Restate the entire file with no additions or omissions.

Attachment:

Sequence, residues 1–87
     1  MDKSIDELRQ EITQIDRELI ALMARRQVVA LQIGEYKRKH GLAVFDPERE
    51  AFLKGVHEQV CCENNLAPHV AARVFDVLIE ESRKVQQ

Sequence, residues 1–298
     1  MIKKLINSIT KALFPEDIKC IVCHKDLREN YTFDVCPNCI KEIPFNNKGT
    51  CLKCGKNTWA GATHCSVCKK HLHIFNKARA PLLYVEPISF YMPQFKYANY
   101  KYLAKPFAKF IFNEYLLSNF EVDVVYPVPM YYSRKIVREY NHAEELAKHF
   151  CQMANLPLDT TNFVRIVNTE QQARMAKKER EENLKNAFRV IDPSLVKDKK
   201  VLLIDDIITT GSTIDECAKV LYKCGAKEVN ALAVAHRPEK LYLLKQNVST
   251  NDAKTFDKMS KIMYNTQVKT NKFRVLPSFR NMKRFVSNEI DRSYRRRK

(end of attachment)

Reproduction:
Sequence, residues 1–87
     1  MDKSIDELRQ EITQIDRELI ALMARRQVVA LQIGEYKRKH GLAVFDPERE
    51  AFLKGVHEQV CCENNLAPHV AARVFDVLIE ESRKVQQ

Sequence, residues 1–298
     1  MIKKLINSIT KALFPEDIKC IVCHKDLREN YTFDVCPNCI KEIPFNNKGT
    51  CLKCGKNTWA GATHCSVCKK HLHIFNKARA PLLYVEPISF YMPQFKYANY
   101  KYLAKPFAKF IFNEYLLSNF EVDVVYPVPM YYSRKIVREY NHAEELAKHF
   151  CQMANLPLDT TNFVRIVNTE QQARMAKKER EENLKNAFRV IDPSLVKDKK
   201  VLLIDDIITT GSTIDECAKV LYKCGAKEVN ALAVAHRPEK LYLLKQNVST
   251  NDAKTFDKMS KIMYNTQVKT NKFRVLPSFR NMKRFVSNEI DRSYRRRK